Survey reveals women’s access to justice and safety from sexual harassment at work has been negatively impacted by the pandemic, as investigations stall
- 72% of women experiencing sexual harassment at work do not feel their employer is doing enough to protect and/or support them from the harassment and abuse.
- 29% of women who have reported sexual harassment to their employer reported that the response has been negatively impacted by the Covid-19 pandemic.
- One woman wrote of how working from home impacted their employer’s response and investigation into sexual harassment: “due to restrictions in limiting contact with people, management haven’t wanted to go into the home of the perpetrator to speak with them about the matter because it’s not viewed at necessary and could be risky. It also took a long time to get a meeting arranged because, due to restrictions, only management staff were allowed into the office. It took a long time for them to answer my emails due to Covid so the pandemic had a huge impact on the way the situation was handled.”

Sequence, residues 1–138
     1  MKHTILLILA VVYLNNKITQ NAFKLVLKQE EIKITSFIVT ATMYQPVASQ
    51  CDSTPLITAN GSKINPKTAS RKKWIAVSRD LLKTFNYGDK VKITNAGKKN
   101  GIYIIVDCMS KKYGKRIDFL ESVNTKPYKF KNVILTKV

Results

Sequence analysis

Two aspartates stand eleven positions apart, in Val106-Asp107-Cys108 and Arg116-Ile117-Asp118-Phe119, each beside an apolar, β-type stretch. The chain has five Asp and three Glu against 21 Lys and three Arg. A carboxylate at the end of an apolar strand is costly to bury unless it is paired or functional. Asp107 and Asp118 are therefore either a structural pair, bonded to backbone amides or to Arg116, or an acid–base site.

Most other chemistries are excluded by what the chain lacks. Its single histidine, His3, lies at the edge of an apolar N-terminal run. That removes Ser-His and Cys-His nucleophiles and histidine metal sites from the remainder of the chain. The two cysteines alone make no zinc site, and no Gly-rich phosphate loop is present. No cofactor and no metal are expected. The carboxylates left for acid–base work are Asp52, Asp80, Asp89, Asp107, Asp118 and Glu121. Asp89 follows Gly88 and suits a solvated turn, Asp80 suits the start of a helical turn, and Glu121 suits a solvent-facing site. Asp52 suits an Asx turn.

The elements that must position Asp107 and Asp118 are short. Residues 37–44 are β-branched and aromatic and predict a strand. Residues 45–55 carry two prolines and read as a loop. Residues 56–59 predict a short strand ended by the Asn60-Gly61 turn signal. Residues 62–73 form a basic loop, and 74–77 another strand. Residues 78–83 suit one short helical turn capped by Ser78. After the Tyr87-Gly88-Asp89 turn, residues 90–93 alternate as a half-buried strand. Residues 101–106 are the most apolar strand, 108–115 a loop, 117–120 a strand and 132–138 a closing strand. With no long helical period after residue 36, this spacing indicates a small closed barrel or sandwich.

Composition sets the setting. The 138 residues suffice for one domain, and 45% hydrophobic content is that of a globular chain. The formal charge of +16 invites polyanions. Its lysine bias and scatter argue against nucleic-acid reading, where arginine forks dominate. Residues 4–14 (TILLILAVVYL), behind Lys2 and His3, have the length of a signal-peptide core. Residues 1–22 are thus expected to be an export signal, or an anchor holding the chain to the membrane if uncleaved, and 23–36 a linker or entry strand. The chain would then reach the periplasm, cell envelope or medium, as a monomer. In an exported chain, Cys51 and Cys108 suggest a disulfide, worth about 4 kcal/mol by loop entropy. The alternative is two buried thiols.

- A key worker at a hospital told us of how the investigation process into sexual harassment was stalled, and she had to continue working with her harasser, due to the pressures of the pandemic: “As the pandemic was declared, all attention was diverted in managing clinical pressures and needs as I work in a hospital. This meant an investigation was not started for months. In the meantime, I felt unprotected as there was no system in place to remove the harasser from the department whilst an investigation was pending. …There is no policy in this mammoth organisation that addresses sexual harassment.”
Deeba Syed, Senior Legal Officer, Rights of Women, said: